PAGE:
One of the most fundamental rights workers have in Canada is the right to collective bargaining. It allows workers to unite under the banner of a union, and to demand fair contracts at a fair rate of pay. It’s an essential part of the Canadian Labour Code, but those rights can be undermined.
One way in which employers are able to sidestep these fundamental rights are through the hiring of non-union members when employees go on strike or are locked out. These people are commonly known as either replacement workers, or a far-less-flattering term: scabs.
The use of scabs undermines workers’ collective power. It does this by removing the most essential power that a labour stoppage is supposed to give workers to help end disputes: the ability of workers to apply economic pressure to a company when they can’t come to a logical collective agreement. Companies employ scabs to ensure the work they need gets done, which applies undue pressure on workers in a labour dispute and puts them at an unfair disadvantage at the negotiating table, often prolonging strikes and lockouts, and putting more pressure on workers to settle for less than they deserve without pushing management to the negotiating table.
The legality of the use of scab labour varies across the country. In provincially regulated industries, only two provinces, Quebec and British Columbia, have laws against the hiring of replacement workers. In Federally regulated industries, there are currently no anti-scab laws, but that is about to change.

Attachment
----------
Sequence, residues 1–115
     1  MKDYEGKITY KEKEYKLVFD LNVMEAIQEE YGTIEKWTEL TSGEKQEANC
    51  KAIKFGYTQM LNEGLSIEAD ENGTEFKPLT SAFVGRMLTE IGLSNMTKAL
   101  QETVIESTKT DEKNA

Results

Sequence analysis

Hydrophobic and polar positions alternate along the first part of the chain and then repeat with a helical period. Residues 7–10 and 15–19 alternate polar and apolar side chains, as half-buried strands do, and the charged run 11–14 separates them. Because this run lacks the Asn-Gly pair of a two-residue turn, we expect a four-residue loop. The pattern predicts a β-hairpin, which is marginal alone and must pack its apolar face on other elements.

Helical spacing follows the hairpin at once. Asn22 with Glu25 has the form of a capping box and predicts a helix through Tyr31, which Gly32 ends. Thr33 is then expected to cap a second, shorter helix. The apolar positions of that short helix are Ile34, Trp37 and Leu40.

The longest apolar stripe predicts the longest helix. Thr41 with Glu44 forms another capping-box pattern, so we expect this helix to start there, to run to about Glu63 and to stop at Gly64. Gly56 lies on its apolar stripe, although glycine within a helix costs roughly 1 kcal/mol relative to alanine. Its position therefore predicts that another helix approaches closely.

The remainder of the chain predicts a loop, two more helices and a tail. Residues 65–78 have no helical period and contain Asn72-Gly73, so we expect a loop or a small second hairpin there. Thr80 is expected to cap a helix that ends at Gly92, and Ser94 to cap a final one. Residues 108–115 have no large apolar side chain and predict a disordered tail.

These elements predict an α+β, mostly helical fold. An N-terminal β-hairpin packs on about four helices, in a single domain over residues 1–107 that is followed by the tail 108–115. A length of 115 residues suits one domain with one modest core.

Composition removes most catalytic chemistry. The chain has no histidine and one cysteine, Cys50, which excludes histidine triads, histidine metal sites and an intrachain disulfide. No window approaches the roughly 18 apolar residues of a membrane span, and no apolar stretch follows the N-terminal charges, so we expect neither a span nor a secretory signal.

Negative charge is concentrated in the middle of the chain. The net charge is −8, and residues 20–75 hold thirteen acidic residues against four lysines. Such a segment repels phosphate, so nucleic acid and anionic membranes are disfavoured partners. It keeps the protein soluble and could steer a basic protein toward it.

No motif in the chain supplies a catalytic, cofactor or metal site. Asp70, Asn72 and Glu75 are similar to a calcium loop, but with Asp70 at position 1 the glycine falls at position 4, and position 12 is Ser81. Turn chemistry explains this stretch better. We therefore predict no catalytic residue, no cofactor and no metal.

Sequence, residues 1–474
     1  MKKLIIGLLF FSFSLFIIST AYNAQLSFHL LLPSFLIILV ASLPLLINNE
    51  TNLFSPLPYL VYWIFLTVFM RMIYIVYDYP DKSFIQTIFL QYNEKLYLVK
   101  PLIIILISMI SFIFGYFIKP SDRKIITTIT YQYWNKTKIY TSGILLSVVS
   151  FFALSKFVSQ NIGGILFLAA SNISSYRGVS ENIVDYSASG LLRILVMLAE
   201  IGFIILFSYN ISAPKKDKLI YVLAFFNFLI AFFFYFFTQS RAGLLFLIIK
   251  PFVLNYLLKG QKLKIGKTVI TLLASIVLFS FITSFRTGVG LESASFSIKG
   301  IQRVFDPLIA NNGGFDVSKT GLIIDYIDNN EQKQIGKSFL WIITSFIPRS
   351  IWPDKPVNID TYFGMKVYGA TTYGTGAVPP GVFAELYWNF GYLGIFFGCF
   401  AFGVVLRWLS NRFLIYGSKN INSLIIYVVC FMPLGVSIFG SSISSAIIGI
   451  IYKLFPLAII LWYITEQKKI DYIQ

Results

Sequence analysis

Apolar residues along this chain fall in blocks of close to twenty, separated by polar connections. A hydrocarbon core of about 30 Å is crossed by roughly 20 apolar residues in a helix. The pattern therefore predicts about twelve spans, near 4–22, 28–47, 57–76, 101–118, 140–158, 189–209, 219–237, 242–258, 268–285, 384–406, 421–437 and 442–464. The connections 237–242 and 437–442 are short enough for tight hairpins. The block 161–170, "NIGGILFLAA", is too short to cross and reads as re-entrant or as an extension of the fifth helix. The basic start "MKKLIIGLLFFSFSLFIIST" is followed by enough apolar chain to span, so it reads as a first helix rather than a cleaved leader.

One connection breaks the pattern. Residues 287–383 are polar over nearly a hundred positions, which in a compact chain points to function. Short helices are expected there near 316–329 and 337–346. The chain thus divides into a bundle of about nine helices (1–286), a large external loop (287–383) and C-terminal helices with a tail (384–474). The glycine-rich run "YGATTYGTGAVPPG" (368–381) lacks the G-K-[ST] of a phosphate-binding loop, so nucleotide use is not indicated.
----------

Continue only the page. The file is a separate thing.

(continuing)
The Liberals, in their last election platform, promised some form of anti-scab legislation in federally regulated workplaces, but only in the case of lockouts, where employers prevent workers from entering the work site during negotiations. However, at a recent press conference, the Minister of Labour, with NDP Labour Critic Alexandre Boulerice on his flank, announced that the government would be tabling legislation that would prevent the use of replacement workers in instances of both lockouts and strikes within Federally regulated workplaces.
Prior to the Government tabling legislation, an NDP Private Members Bill (C-302) on anti-scab legislation was taElizabeth Bernard bled which clarifies exactly what we want out of effective anti-scab legislation. The Bill sets out that no employer shall use, to perform all or part of the duties of an employee in the bargaining unit on strike or lockout, the services of a new hire, contractor, or another employee to replace the work of those on a legal strike or lockout or face significant financial penalty of up to $100,000 a day.
Additionally, the legislation is reasonable in its demands of the employer and does not prevent the limited hiring of employees to ensure essential maintenance work to protect the integrity and safety of the workplace, prevent damage or destruction to equipment and machinery, and prevent environmental damage on the job site that may result from work disruptions.
Bill C-302 should be the guide the government uses to implement anti-scab legislation, or, better yet, should be the bill the government passes as it is supported by labour leaders across the country.
Anti-scab legislation has been introduced in the House of Commons eight times over the past 15 years. Conservatives have obviously never supported attempts to prevent scab labour from disrupting legal strikes or lockouts, because they tend to be on the side of corporate interests and not workers. Although, the Liberals haven’t either, the latest news that the government is now committed to finally implement real anti-scab legislation with teeth is a good sign for workers.